The saw is supplied with a pair of side handles which bolt to either side of the base. They are unnecessarily large and are bolted in such a way that they flex a lot when you use them to move the saw. Picking the saw up without the handles is actually more comfortable, and I can’t help but wonder why Dewalt didn’t simply fit some plastic mouldings to the edges of the base casting. In my opinion the handles serve no real purpose other than to ruin the compact footprint of the saw. The right-most handle holds the Allen key and blade spanner, the latter held by a needlessly over-engineered series of clips beneath the handle. I would much prefer to see the Allen key stored on the body of the saw, and the blade spanner stored in the underside of the saw base itself. Do away with the handles and fit some low-profile plastic grips to the base.

The DWS774 also includes a material clamp which is the same standard accessory dewalt have been supplying for years with one notable downgrade. The foot of the clamp has no cushioning rubber; only a metal plate, which easily causes marks and indents in woods; plywood and softwoods in particular. The clamp can be fitted either to the left or right-hand-side of the fence, but when fitted on the first the saw cannot be lowered as the body of the motor hits the clamp.

The pillar to which the clamp mounts drops into its mounting hole and, when rotated, cannot be lifted free. The action of the clamp then lifts the pillar up and eventually enough pressure is applied to keep it tight. This setup limits the clamp’s ability to secure thinner material, and makes the whole assembly more of a hindrance than a help. Aside from the odd situation where the clamp does come in useful, it is best left to languish at the bottom of a toolbox.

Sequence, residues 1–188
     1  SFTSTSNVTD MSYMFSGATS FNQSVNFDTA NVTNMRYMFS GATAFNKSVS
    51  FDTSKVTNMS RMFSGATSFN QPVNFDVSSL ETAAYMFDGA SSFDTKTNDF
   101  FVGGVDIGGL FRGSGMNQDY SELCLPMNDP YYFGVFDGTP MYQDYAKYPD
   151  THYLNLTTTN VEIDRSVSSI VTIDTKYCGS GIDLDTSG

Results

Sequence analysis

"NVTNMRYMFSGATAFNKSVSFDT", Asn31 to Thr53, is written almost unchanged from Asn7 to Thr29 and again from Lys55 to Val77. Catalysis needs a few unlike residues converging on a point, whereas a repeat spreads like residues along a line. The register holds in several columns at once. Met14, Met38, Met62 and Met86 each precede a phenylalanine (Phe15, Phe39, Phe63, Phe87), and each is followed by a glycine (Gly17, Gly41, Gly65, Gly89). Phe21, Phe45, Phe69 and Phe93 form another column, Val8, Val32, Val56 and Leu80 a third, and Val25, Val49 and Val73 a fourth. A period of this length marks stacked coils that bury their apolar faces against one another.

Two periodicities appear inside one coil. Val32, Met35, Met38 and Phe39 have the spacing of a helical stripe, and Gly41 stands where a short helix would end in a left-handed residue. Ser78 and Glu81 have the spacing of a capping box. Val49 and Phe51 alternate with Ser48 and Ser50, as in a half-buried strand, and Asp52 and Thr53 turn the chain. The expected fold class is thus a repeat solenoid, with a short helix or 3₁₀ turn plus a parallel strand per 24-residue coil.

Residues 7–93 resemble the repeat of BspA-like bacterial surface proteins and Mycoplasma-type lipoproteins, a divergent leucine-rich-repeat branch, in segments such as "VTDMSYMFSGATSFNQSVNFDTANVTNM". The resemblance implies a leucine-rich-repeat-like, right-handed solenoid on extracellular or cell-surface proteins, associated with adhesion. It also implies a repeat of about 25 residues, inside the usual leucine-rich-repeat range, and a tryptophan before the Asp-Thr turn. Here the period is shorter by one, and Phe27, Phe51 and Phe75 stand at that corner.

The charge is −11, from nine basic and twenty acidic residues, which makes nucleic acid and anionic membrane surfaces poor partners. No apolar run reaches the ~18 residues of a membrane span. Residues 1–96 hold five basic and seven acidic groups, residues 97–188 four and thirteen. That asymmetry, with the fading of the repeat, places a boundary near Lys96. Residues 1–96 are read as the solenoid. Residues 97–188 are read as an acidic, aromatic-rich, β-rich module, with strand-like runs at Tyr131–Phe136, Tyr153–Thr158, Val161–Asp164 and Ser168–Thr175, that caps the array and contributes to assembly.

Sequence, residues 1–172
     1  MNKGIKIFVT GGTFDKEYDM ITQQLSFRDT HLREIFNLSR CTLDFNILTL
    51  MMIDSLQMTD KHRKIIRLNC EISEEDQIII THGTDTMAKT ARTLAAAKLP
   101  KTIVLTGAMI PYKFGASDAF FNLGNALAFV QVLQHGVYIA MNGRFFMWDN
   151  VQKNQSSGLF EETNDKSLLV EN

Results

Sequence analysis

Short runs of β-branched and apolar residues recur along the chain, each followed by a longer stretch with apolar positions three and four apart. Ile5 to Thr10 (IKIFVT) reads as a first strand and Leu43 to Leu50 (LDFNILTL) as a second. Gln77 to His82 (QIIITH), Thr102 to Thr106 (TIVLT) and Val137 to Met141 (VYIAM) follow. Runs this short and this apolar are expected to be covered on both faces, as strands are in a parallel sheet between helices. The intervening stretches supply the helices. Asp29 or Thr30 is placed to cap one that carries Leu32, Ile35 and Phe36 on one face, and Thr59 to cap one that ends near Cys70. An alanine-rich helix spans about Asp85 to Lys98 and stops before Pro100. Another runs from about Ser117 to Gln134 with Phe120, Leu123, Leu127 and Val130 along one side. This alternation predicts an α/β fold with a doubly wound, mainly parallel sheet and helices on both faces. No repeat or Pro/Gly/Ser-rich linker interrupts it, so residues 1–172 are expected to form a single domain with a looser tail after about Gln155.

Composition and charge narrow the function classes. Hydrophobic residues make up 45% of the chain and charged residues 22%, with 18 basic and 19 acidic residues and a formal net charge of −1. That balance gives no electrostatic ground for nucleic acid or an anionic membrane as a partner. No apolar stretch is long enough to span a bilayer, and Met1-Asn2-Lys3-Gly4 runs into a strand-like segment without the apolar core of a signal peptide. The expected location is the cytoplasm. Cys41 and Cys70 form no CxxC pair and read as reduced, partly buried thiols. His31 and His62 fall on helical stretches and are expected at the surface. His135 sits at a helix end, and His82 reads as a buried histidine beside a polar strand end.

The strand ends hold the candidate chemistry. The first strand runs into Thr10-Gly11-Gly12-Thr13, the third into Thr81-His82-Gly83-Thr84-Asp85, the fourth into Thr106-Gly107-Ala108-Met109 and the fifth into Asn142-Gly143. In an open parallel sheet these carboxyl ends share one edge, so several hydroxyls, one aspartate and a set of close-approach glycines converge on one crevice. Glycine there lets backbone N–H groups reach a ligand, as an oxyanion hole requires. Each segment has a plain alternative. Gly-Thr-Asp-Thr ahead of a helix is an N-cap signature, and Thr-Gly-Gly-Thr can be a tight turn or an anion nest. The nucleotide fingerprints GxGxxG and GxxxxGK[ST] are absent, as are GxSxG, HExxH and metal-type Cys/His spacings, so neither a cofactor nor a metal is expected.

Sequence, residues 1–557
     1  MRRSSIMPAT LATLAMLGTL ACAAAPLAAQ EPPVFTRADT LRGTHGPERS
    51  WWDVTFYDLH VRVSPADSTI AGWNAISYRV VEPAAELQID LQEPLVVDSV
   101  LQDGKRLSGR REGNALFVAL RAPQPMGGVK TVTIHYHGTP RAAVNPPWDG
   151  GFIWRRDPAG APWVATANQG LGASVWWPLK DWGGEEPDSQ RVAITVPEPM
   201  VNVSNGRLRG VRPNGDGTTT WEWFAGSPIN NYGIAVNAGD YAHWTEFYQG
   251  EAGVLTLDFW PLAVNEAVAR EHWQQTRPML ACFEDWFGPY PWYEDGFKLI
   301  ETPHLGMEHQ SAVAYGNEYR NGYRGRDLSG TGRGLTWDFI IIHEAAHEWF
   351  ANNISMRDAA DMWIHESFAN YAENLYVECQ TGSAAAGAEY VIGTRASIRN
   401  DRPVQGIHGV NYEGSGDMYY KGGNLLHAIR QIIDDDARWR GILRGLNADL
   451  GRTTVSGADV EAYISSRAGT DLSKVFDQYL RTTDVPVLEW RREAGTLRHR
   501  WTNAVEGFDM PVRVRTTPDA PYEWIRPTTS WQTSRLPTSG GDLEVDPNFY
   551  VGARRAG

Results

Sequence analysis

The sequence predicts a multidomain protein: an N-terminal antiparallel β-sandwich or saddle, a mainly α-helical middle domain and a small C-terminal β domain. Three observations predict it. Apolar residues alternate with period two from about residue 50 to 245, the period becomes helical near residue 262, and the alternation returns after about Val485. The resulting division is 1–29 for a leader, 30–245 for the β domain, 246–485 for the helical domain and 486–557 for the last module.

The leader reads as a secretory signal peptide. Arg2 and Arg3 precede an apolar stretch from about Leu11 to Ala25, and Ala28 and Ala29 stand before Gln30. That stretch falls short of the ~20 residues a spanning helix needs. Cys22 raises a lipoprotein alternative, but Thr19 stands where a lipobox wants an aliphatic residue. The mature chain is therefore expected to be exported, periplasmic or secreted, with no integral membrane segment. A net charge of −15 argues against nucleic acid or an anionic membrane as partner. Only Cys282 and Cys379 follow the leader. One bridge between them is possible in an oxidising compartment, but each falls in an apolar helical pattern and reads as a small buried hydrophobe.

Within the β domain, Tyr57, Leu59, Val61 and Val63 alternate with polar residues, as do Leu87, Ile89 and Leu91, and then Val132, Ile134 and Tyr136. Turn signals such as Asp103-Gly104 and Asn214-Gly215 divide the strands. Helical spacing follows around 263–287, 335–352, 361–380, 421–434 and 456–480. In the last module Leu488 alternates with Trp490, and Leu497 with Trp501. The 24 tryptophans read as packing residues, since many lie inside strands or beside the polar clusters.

The back fence itself is a single-piece cast design. It has measurement scales machined into the face, though they’re only really useful for rough cuts as the denominated indents are too large to get an accurate measurement. The fence is somewhat adjustable via the pair of Torx bolts that secure it to the base of the saw, though its greatest weakness lies in its single-piece construction.

On my unit the fence was inaccurately machined such that the face of the left-hand fence sat a millimetre or so behind the face of the right-hand fence. This left a gap when a piece of straight material was resting across the two sides of the fence, and caused any cut that was made to be out of square. Aligning the blade to produce a square cut was impossible, as when the blade was aligned to one fence it would be mis-aligned with the other. Thus when using the entirety of the back fence to support a workpiece, producing a cut that was absolutely square was impossible.

This is ultimately when I returned the DWS774. The next model in Dewalt’s range, the DWS777 has a sliding left-side fence, and is presumably machined to a higher standard. I’m sure there are plenty of DWS774s out there in the wild with straight fences. It is worth noting that Dewalt’s 3-year warranty applies to this saw when it is registered online, and that they would probably have supplied a replacement fence on request. For me, however, the combination of the inaccuracy in the fence, the plastic guard assembly and the pointless side-handles all factored into my decision to simply return it. Though this is the cheapest mitre saw in Dewalt’s lineup, it still carries a dewalt name and with that comes an exception that the reputation for quality control will be upheld.